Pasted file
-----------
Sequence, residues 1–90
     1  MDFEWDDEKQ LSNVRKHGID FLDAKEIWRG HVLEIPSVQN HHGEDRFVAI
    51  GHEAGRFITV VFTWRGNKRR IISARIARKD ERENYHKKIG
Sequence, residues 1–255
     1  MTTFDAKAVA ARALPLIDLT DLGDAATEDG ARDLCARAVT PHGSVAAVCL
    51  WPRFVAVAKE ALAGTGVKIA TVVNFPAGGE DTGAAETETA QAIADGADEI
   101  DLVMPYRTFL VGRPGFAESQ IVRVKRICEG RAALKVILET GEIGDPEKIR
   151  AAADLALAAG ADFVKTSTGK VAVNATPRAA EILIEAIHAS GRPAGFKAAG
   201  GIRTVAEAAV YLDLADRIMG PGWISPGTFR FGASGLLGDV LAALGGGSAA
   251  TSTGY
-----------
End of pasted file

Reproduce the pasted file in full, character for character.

Sequence, residues 1–90
     1  MDFEWDDEKQ LSNVRKHGID FLDAKEIWRG HVLEIPSVQN HHGEDRFVAI
    51  GHEAGRFITV VFTWRGNKRR IISARIARKD ERENYHKKIG
Sequence, residues 1–255
     1  MTTFDAKAVA ARALPLIDLT DLGDAATEDG ARDLCARAVT PHGSVAAVCL
    51  WPRFVAVAKE ALAGTGVKIA TVVNFPAGGE DTGAAETETA QAIADGADEI
   101  DLVMPYRTFL VGRPGFAESQ IVRVKRICEG RAALKVILET GEIGDPEKIR
   151  AAADLALAAG ADFVKTSTGK VAVNATPRAA EILIEAIHAS GRPAGFKAAG
   201  GIRTVAEAAV YLDLADRIMG PGWISPGTFR FGASGLLGDV LAALGGGSAA
   251  TSTGY